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Old 09-26-2008, 07:13 PM
 
Location: Leaving fabulous Las Vegas, Nevada
3,976 posts, read 7,257,705 times
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I think studying the history of science, like they do at Oxford University, might help. Reading A Short History of Nearly Everything by Bill Bryson taught me more than any science class I ever attended.
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Old 09-26-2008, 08:01 PM
 
3,648 posts, read 7,959,889 times
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Originally Posted by coldwynn View Post
If you look at most natural science (especially chemistry and physics) curricula in high schools and 1st- and 2nd-years in colleges, I think you will agree that you will find that students are being taught how to solve problems. In this sense they are being asked to apply already known knowledge to specific problem sets. This is deductive reasoning. We're teaching them to go from the general (the fundamental knowledge) to something specific (the problem to be analyzed).

However, science is not about being deductive. Science is inductive. The practicing scientist goes from the specific experiment or phenomenon and generalizes to some overarching theory. And yet, we are not training our students to be able to come up with their own ideas or have the kind of critical thinking necessary to be good scientists.

No doubt, the current crop of students may become good applied scientists or engineers, but if they become good scientists - it would be despite (not because of) the way we've taught them.

Worse, there is a growing body of evidence that shows that students who are taught to solve problems - and are successful at solving such problems, generally do not even understand the underlying concepts that were necessary to solve those problems in the first place. All they've done is learned to apply a protocol, an algorithm, a step-by-step process. They've memorized the way to solve a particular problem - that's not even really thinking.

This is an issue with many variables: textbooks that are written this way, standardized tests, how gradeschools prep for higher learning, current teachers who have been taught this way and therefore tend to teach this way, the socio-polical climate . . . but what's to be done???
I for one just want to know why you took my name, or an analogue thereof.
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Old 09-26-2008, 10:41 PM
 
Location: Phoenix, AZ
96 posts, read 415,130 times
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Originally Posted by SaratL View Post
I think a lot has to do with how science/maths is introduced and taught in the elementry and middle school. I live in one of the "best" county and volunteer at the local public school and am appalled at the attitude of teachers towards science/maths and how they shut the kids up (or label them as trouble makers) when they ask curious science questions. IMO, The weak science/maths curriculum, disinterested and mostly unqualified teachers are the reason why kids are not motivated to develop a passion towards science at an early age. The high school students is another story..I come across so many who cannot apply concepts they learnt in junior classes to a high school problem, esp. in Maths where the knowlege tends to be cumulative.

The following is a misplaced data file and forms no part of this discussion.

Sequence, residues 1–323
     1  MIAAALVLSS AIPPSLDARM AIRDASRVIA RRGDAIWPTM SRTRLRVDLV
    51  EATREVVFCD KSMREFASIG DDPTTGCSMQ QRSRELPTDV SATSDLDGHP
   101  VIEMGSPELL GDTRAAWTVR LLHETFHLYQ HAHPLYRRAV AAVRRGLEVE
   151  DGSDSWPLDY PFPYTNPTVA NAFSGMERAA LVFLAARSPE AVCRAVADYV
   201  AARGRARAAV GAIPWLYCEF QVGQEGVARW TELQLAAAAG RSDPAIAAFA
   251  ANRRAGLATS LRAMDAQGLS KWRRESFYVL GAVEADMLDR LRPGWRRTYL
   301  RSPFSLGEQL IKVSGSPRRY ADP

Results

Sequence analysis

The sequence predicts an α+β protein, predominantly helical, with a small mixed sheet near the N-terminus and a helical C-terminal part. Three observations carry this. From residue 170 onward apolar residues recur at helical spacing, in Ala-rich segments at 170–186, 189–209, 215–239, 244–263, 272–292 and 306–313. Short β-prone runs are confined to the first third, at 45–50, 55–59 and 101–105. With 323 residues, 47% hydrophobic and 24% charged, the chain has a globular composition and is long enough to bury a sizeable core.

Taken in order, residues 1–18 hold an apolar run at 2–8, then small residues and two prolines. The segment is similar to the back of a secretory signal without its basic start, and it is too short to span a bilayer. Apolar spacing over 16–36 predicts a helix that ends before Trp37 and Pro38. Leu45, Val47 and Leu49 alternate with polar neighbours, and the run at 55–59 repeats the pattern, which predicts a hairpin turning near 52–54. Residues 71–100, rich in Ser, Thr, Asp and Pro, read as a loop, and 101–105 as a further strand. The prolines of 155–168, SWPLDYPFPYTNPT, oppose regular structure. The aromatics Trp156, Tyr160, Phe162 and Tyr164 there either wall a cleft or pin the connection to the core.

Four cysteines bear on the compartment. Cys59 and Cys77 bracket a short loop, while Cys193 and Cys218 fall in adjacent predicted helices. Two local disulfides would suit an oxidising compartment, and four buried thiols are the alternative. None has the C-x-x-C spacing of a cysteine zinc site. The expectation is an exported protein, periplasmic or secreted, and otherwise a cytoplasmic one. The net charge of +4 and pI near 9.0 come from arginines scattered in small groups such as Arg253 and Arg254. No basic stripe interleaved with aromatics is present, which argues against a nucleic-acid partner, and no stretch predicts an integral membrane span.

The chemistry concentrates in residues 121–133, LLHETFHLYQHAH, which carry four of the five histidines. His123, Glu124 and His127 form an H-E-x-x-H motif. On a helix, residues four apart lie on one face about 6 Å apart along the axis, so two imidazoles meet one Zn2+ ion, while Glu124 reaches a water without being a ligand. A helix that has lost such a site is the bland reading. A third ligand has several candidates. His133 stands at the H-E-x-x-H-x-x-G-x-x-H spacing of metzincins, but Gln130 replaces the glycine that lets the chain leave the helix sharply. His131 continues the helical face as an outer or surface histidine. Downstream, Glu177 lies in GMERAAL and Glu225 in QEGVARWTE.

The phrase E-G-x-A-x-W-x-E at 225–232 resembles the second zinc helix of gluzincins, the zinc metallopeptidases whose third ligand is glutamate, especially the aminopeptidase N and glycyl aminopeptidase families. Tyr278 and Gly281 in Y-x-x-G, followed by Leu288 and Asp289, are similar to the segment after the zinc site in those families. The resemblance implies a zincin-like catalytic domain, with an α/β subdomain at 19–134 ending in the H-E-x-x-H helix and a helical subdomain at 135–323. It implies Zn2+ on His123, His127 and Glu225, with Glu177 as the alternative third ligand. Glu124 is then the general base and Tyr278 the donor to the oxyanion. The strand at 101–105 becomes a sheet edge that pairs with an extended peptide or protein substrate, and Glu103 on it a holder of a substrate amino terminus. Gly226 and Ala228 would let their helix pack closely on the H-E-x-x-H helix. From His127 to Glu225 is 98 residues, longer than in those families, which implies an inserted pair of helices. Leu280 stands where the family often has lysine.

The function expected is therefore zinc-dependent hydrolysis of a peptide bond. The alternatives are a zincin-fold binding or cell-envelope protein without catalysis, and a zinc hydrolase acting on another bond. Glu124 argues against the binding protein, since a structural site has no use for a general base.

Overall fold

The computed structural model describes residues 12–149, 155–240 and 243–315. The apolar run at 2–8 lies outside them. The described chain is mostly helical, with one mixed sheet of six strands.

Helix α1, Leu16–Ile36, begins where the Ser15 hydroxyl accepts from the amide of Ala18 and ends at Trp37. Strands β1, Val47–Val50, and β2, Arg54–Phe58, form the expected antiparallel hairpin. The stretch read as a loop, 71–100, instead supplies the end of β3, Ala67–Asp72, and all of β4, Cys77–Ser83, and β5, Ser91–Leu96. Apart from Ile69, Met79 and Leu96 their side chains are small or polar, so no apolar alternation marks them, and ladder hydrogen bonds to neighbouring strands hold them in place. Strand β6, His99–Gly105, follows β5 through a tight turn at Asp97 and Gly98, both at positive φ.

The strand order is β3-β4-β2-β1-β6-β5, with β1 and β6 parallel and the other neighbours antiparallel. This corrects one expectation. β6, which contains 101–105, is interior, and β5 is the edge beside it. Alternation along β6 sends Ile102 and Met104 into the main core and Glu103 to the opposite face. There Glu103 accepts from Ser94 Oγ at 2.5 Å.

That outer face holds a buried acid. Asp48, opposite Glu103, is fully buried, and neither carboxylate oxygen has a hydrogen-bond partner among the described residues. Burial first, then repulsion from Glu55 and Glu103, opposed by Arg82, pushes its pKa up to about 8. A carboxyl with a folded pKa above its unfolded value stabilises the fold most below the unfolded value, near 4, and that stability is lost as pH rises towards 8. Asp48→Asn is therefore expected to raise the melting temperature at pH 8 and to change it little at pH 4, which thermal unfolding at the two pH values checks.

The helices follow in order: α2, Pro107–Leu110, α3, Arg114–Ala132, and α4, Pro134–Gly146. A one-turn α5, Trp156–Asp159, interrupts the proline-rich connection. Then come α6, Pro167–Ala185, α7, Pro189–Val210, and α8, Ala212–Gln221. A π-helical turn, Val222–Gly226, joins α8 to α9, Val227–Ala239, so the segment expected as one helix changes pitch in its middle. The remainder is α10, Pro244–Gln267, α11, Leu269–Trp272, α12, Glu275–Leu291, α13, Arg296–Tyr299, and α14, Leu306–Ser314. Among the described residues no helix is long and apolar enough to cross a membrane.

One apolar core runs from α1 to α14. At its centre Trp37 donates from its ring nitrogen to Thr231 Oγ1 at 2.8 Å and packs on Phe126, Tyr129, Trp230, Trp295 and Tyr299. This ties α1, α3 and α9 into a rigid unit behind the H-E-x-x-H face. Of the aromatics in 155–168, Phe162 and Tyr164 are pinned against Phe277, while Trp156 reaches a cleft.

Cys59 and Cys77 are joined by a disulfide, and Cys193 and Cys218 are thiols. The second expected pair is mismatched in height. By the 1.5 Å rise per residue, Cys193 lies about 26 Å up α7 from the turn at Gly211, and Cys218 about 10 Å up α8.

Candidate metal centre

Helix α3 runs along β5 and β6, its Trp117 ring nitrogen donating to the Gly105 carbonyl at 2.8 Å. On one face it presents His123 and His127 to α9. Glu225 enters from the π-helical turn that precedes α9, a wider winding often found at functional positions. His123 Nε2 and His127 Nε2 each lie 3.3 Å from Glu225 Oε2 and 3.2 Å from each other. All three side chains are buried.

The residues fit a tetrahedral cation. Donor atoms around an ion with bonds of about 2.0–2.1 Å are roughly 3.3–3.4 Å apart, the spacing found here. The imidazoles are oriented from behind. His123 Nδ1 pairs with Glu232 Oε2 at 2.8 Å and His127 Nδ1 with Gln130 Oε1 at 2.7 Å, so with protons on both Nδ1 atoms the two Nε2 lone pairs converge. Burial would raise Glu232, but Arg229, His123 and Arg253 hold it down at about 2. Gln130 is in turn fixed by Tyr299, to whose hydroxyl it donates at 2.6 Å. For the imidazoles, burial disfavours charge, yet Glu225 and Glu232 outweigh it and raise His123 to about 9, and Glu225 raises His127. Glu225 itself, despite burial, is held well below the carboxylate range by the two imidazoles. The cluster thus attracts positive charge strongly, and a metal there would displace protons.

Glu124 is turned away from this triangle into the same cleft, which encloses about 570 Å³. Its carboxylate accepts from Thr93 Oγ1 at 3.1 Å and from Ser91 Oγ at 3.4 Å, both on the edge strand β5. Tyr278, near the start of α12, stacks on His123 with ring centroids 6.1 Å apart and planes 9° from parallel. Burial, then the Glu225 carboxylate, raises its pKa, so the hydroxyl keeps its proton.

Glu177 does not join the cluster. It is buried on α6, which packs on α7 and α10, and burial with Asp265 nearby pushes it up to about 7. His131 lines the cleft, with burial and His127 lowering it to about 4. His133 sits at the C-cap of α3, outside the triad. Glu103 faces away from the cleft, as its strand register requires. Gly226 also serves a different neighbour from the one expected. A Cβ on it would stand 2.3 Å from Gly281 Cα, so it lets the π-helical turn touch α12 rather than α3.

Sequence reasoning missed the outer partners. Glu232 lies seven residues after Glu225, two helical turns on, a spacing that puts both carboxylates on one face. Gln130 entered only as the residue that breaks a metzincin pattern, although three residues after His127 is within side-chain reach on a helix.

I used to teach in a district that believed in providing a ton of training and professional development for teachers. It was highly encouraged and many times required. I took a 2 credit graduate course about how to use our science program on top of the hours of training throughout the school year. When I switched districts, I was happy to know that my new school had the same science program.

The program, along with good teachers, made science come alive for the kids. I saw amazing things happening with my students. This was not the case at my new school. The science kits were apparently dropped off with the teachers, and the district provided no training. The teachers feel like there's too much to prep in order to teach the lessons, so instead they have the kids fill in the blanks on worksheets to "learn" science concepts. They also complain that the program doesn't cover all of our state standards. Inquiry is a big state standard, and I am positive that most of the teachers don't teach this standard.

The dropping off of materials with little to no training on how to use them is what happens to teachers a lot. It happened this year with our math program. The good teachers, however, will delve deep into the program and work hard to learn how to use it. They do this on their own time, though. We aren't given much time to collaborate, and learning a new way of teaching/ new curriculum on your own isn't easy when there are so many other requirements and responsibilities.

Okay, that was a lot to simply say teachers need more professional development and more time to collaborate.
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Old 09-26-2008, 11:22 PM
 
Location: Maryland not Murlin
8,248 posts, read 23,117,203 times
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Quote:
Originally Posted by coldwynn View Post
However, science is not about being deductive. Science is inductive. The practicing scientist goes from the specific experiment or phenomenon and generalizes to some overarching theory. And yet, we are not training our students to be able to come up with their own ideas or have the kind of critical thinking necessary to be good scientists.
Science is about using the Scientific Method to come to reasonable conclusions to life, the Universe, and beyond. No where in there is some individual identity to "think outside of the box". You observe, you question, then you form a testable hypothesis of that question. Test it. Repeat numerous times. Publish in a journal. Your colleagues test your hypothesis. They form their own. Hundreds, thousands of other tests are performed. More writing in journals. Maybe, at the end, a theory is evolved.
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Old 09-28-2008, 07:38 PM
 
268 posts, read 983,134 times